But Brummel said even with the difficult finish, his players can take nothing but positive things away from the season.

"I think the season was a start to turning things around," Brummel said. "That was a tribute to how hard the kids worked. We were in almost every game we played and I thought we represented CMB very well this season."

As a team CMB averaged 57.6 points and allowed 52.8 per game. The Raiders shot 45 percent from the field, 37 percent from 3-point range (making 116 3-pointers) and 68 percent from the line during the season.

CMB averaged more assists than turnovers per game (12 to 11) and the Raiders also averaged 30.4 rebounds, 7.4 steals and 2.5 blocks per game.

Junior center/forward Bryce Kemp, senior guard Austin Moorman and junior forward Seth Balke all averaged in double figures for CMB during the season.

Kemp put up a team-best 13.8 points per game, shooting 50 percent from the field and 75 percent from the line. He also led CMB in rebounding with 9.2 per game and blocks with a 1.4 average and was second on the team in assists and steals with respective averages of 2.3 and 1.5.

Moorman led CMB in assists with 2.4 per game and he also averaged 2.2 rebounds and 1.1 steals. Moorman averaged 10.7 points, shooting 40 percent from the field and 71 percent from the line and he canned a team-best 32 3-pointers at a 36-percent clip.

Balke put up 10.5 points per game shooting 51 percent from the field and 75 percent from the line. He was also outstanding from 3-point range, shooting 50 percent from behind the arc (25 of 50).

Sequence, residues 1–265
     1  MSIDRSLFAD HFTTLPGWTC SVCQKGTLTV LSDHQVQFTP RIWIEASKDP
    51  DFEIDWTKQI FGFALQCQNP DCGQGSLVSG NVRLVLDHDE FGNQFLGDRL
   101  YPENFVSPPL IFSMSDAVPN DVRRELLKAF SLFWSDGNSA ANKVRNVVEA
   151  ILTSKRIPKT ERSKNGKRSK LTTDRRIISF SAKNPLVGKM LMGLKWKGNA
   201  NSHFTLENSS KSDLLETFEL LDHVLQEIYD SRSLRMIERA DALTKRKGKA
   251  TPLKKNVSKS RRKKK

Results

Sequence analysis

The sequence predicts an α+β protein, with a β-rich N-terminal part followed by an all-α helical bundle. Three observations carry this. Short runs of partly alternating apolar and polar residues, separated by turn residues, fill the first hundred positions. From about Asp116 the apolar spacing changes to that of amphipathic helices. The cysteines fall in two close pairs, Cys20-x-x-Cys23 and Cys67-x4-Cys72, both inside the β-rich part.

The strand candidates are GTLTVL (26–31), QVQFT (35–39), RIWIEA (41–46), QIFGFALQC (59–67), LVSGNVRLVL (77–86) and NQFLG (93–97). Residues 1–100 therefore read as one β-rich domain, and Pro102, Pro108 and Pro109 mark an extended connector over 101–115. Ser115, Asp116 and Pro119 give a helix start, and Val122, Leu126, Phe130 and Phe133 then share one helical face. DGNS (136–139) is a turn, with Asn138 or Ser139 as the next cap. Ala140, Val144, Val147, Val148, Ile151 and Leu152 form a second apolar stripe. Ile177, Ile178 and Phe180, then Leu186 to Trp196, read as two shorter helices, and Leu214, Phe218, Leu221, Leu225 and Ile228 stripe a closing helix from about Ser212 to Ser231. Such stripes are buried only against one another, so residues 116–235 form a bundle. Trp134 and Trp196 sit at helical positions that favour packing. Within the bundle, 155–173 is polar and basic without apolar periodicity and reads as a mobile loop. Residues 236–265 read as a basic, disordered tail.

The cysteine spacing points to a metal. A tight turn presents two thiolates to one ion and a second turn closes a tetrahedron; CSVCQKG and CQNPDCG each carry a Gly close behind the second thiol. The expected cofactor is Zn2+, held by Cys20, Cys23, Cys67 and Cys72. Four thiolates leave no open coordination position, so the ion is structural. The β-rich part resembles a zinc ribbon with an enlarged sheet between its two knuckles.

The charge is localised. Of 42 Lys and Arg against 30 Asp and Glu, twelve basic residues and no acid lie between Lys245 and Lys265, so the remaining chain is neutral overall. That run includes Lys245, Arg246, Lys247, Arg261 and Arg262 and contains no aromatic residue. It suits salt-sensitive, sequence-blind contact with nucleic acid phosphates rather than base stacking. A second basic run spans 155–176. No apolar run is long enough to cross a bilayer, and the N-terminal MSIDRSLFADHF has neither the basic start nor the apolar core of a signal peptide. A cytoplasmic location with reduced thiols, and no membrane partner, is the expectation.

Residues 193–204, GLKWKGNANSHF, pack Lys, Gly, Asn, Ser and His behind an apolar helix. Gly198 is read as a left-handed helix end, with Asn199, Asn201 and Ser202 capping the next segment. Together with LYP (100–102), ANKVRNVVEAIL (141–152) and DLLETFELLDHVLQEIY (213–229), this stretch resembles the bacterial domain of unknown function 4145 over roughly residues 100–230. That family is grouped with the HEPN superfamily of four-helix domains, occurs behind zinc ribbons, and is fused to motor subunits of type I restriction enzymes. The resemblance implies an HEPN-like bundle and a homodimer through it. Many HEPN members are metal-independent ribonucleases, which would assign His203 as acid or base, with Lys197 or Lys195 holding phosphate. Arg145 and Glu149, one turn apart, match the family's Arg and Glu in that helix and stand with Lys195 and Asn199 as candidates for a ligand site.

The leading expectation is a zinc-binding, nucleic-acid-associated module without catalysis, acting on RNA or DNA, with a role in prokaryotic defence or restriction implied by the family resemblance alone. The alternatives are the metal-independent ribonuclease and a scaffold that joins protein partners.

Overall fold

Balke chipped in 4.1 rebounds, 2.1 assists and 1.5 steals per game.

Senior forward Zach Samson was the blue-collar workhorse for CMB.

Samson averaged 8.1 points, 8.6 rebounds, 1.6 assists and 1.2 steals per game. He shot a team-leading 59 percent from the field and made 57 percent of his free throws.

Juniors Tommy Galloway, Joey Nissen and Patrick Girard, and sophomore Brady Stover were the other major contributors for CMB.

Galloway averaged 6.7 points, 2.1 assists, 1.7 rebounds and 1.0 steal per game. He was second on the team in 3-pointers made with 26 and also shot 74 percent from the line.

Nissen made 23 3-pointers and shot 37 percent from behind the arc. He averaged 4.4 points per game.

Girard averaged 2.6 points and 3.2 rebounds. He also blocked 14 shots on the season.

Stover canned nine 3-pointers at a 39-percent clip and ended up scoring 2.4 points per game.

CMB only loses three seniors after this season. But it will be tough to replace the production of Samson and Moorman, along with the leadership of reserve Jake Stratton.

"They contributed in many different ways this year," Brummel said. "Hard work in practice, dedication to turning things around, leadership and competitive spirit will be things that we will miss from that group."

But with the return of three other starters and three experienced reserves, CMB has a good chance to keep its positive momentum going in 2014-15.

"Lots of guys who played good minutes will be returning next year," Brummel said. "We also have JV and freshman squads that played some good basketball coming up as well."